the river. “That can mimic the effect that you get from the water pumps,” Morro said. “This is a particular issue directly underneath DuSable Bridge where the Wendella boats dock.” Morro said this is a “very consistent hazard.” So consistent, in fact, his company

For the most part, kayaking the Chicago River is a fun, relaxing experience, but the water can be dangerous for new and inexperienced paddlers. Photo by Elizabeth Czapski

stations someone underneath the DuSable Bridge on busy days to assist kayakers if they need it. But the problems do not end at the mechanical. Line-of-sight issues can also cause problems, Morro said. The most dangerous section of the river, Morro said, is the “speed corridor” between River City Marina and Canal Street Marina. Here, people on small recreational boats are traveling to and from marinas on the South Branch of the river, and the mix of low traffic and a low law enforcement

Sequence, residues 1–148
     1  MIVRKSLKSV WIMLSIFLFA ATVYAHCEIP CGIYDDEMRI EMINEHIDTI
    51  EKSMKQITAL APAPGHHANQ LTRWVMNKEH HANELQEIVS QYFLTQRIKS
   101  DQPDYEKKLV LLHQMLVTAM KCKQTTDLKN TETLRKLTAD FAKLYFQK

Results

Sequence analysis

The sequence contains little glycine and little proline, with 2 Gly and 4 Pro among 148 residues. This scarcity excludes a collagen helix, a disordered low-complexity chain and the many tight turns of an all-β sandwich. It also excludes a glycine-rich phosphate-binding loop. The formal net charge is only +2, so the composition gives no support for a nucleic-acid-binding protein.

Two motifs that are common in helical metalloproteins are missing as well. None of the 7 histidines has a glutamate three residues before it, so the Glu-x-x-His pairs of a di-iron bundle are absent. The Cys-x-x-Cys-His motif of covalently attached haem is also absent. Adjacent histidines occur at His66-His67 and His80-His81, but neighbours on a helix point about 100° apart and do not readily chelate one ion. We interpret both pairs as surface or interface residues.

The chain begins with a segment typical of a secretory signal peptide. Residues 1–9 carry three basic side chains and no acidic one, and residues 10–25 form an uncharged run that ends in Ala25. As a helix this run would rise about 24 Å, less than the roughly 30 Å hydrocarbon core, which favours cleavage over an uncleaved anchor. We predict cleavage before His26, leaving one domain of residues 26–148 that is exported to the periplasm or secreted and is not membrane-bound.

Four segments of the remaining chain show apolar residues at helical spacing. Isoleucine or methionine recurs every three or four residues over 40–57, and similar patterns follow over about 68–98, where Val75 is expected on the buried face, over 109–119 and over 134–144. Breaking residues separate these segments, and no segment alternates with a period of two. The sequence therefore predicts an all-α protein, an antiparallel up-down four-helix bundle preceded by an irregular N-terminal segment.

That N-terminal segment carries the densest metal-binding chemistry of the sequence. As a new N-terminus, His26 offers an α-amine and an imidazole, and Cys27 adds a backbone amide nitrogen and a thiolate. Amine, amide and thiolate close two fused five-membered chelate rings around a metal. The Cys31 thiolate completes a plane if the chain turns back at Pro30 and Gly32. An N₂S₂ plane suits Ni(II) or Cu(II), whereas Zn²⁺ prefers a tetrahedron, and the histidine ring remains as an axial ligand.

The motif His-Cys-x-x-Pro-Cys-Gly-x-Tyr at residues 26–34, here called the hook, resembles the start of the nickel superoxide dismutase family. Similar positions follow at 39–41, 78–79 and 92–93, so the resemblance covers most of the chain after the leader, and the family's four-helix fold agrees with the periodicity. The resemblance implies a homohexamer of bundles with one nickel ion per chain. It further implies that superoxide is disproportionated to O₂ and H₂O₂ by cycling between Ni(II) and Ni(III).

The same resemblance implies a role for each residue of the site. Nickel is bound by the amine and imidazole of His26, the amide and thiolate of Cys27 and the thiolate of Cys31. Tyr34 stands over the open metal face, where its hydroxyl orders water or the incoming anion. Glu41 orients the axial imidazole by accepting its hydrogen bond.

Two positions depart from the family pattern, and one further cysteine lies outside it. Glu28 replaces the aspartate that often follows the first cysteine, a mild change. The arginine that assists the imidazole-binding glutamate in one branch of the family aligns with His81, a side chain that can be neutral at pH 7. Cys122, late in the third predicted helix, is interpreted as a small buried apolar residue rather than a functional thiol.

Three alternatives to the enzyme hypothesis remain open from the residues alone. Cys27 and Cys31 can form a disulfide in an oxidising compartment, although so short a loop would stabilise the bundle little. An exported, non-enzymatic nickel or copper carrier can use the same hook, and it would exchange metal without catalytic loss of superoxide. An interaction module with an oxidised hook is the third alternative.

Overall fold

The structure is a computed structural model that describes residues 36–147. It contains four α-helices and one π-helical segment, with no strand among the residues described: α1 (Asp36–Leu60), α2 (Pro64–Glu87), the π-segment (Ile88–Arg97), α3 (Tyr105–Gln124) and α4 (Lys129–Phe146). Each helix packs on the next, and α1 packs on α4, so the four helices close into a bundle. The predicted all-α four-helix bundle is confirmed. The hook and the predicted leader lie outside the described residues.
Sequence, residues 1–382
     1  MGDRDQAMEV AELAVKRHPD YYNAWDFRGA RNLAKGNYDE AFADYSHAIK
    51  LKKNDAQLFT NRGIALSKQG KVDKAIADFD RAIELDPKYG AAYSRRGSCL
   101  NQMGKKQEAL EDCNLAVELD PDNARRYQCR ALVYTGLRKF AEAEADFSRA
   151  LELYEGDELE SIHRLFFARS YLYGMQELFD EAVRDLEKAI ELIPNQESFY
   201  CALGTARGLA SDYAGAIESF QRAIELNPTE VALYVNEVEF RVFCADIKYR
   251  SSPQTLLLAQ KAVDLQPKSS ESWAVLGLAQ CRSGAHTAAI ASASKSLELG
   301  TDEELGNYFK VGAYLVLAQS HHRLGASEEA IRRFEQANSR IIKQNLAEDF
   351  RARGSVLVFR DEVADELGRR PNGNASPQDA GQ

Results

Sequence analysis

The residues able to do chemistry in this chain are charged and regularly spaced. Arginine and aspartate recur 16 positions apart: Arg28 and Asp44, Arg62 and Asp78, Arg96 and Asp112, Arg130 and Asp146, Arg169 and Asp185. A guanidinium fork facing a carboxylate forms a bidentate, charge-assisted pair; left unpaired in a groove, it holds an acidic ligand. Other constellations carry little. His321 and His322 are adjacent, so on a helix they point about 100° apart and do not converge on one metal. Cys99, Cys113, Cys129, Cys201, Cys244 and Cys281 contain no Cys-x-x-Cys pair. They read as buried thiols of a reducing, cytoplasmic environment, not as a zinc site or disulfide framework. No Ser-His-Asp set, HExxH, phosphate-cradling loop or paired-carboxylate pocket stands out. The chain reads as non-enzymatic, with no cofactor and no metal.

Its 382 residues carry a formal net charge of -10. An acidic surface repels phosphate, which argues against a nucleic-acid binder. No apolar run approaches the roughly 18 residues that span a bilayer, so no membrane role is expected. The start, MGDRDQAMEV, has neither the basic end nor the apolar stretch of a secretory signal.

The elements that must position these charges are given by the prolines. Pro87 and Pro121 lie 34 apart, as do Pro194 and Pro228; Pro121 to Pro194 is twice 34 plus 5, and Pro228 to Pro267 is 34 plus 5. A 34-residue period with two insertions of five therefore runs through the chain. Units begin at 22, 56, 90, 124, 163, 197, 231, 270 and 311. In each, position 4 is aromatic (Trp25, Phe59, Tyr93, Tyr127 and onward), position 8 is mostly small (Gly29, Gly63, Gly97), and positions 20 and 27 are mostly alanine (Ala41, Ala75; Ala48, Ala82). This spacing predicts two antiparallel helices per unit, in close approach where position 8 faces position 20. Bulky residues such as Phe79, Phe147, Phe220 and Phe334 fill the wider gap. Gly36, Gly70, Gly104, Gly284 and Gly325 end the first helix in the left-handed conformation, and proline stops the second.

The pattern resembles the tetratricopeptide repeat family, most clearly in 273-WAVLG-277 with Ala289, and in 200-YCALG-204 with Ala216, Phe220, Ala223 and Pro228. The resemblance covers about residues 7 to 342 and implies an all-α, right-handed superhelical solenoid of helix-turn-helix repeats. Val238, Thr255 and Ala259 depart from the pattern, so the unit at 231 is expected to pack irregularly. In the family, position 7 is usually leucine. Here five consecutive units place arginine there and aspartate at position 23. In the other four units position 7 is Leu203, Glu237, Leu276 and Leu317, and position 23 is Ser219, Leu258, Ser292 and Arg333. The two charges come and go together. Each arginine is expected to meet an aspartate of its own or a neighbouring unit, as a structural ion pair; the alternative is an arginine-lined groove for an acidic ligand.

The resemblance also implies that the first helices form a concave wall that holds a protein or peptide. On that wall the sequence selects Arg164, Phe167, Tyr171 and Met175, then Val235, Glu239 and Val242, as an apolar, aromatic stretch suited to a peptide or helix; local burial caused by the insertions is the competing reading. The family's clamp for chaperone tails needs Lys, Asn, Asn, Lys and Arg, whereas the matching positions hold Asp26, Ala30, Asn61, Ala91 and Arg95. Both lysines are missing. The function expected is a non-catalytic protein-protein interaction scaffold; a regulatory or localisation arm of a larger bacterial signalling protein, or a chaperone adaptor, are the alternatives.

presence means boaters tend to drive at full speed, up to 50 miles per hour. “It’s just a nightmare,” he said. “Everybody just does what they want.” Then there’s the traffic. The Chicago Riverwalk Project has revitalized the river, making it more crowded. “There’s been a big increase in recreational boat traffic, and it creates a lot of complications,” Morro said. “It’s not that they don’t understand the fundamental rules ... they’re just not used to this particular environment and how complex it is.”

On the beach, color codes can save lives